Natalia Gurushina, Chief Economist, Emerging Markets Fixed Income Strategy
July 27, 2020
China’s industrial profits confirm the deepening recovery, but details raise questions about longer-term structural consequences. Mexico’s June trade balance shows textbook adjustment.
China’s industrial profits jumped up in June, confirming that the recovery continues to deepen. This is great of course, but the release raises more questions about longer-term structural “costs” of the rebound that is driven primarily by state-owned enterprises (SOEs). The chart below shows that SOEs continue to lag in the profitability department, even though they are leading in investments and output. This generates additional concerns about subsidies (hidden or not), imbalances, and dislocations—which is not optimal as regards the longer-term growth outlook that should be driven by productivity-enhancing reforms. Now…China’s private enterprises are tough cookies—their profitability is bouncing back faster despite higher financing costs. They deserve more support—the July Politburo meeting is expected to take place this week and we keep our eyes open for policy signals in this area.
Mexico’s trade balance showed textbook adjustment in June, with surplus exceeding expectations by a wide margin (USD5.55B). Exports outperformed imports—the latter held down by weak domestic demand and the meagre stimulus. June’s improvement was driven both by oil and non-oil trade balances. The rebound of Mexico’s manufacturing exports continued to mirror the industrial production’s dynamics in the U.S. (in line with long-term historical trends). So the policy response in the U.S. and the economy’s reaction to it remain key—but if things turn right this can provide a much-needed boost to Mexico’s growth in the absence of large-scale domestic fiscal support.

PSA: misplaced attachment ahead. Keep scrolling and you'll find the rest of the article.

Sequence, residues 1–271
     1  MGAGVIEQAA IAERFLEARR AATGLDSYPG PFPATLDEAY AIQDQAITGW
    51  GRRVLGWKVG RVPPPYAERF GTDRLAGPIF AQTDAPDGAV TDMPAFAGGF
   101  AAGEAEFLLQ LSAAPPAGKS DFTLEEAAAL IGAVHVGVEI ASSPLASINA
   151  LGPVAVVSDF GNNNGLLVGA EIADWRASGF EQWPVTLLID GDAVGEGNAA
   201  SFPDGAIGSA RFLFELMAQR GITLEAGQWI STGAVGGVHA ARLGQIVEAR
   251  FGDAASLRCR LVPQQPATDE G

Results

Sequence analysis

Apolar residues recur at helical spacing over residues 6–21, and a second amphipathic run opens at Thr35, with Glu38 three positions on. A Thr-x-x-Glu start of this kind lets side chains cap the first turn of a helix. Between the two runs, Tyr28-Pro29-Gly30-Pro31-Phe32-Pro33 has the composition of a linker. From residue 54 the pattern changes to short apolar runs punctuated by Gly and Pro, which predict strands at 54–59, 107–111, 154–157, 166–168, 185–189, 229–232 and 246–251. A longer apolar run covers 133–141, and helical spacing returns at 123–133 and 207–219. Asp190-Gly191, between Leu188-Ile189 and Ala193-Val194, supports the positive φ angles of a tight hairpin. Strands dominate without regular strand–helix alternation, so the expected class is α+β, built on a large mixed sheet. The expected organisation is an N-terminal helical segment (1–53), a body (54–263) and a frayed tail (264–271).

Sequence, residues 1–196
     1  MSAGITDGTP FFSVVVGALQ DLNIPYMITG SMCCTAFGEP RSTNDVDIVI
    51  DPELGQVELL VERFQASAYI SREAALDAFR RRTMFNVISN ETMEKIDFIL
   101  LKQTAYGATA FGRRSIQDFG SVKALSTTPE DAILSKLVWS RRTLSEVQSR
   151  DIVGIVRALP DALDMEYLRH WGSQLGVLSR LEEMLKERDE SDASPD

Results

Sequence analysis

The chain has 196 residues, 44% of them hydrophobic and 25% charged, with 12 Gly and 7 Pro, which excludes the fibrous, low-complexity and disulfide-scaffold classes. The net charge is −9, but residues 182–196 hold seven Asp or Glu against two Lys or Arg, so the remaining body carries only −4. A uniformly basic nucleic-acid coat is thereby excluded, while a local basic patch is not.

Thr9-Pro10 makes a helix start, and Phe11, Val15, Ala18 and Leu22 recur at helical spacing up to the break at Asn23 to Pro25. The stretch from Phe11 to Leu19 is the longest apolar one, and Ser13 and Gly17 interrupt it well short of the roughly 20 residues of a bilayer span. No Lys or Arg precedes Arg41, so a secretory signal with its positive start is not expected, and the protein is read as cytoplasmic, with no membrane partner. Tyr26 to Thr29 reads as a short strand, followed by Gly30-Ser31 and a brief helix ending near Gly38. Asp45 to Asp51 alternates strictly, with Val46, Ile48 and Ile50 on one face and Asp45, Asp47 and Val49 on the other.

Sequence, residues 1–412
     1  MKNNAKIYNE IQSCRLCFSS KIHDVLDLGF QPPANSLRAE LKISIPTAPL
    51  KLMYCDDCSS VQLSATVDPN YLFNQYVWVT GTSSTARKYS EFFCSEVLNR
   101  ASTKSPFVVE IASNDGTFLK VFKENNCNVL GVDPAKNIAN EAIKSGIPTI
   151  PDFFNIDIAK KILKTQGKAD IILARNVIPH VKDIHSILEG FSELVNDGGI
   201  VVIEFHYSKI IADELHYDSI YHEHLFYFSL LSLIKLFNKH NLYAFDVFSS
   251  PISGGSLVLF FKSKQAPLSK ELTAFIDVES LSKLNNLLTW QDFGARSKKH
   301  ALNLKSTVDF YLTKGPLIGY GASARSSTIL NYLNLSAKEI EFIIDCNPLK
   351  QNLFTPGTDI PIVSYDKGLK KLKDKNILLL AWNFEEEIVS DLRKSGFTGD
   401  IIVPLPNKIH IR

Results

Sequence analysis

A brisk rebound in Turkey’s real sector confidence (pretty close to V-shape) confirms that the central bank did the right thing keeping its policy rate on hold last week. Capacity utilization is also picking up—and this can generate additional inflation pressures down the road. The next quarterly inflation report will be released on Wednesday—we need to see a more explicit commitment to the tighter policies in order to conclude that the central bank is in fact rebuilding its credibility.
Chart at a Glance: China Industrial Profits – SOEs Lagging Big Time
Source: Bloomberg LP
IMPORTANT DEFINITIONS & DISCLOSURES
PMI – Purchasing Managers’ Index: economic indicators derived from monthly surveys of private sector companies; ISM – Institute for Supply Management PMI: ISM releases an index based on more than 400 purchasing and supply managers surveys; both in the manufacturing and non-manufacturing industries; CPI – Consumer Price Index: an index of the variation in prices paid by typical consumers for retail goods and other items; PPI – Producer Price Index: a family of indexes that measures the average change in selling prices received by domestic producers of goods and services over time; PCE inflation – Personal Consumption Expenditures Price Index: one measure of U.S. inflation, tracking the change in prices of goods and services purchased by consumers throughout the economy; MSCI – Morgan Stanley Capital International: an American provider of equity, fixed income, hedge fund stock market indexes, and equity portfolio analysis tools; VIX – CBOE Volatility Index: an index created by the Chicago Board Options Exchange (CBOE), which shows the market's expectation of 30-day volatility. It is constructed using the implied volatilities on S&P 500 index options.; GBI-EM – JP Morgan’s Government Bond Index – Emerging Markets: comprehensive emerging market debt benchmarks that track local currency bonds issued by Emerging market governments.; EMBI – JP Morgan’s Emerging Market Bond Index: JP Morgan's index of dollar-denominated sovereign bonds issued by a selection of emerging market countries; EMBIG - JP Morgan’s Emerging Market Bond Index Global: tracks total returns for traded external debt instruments in emerging markets.
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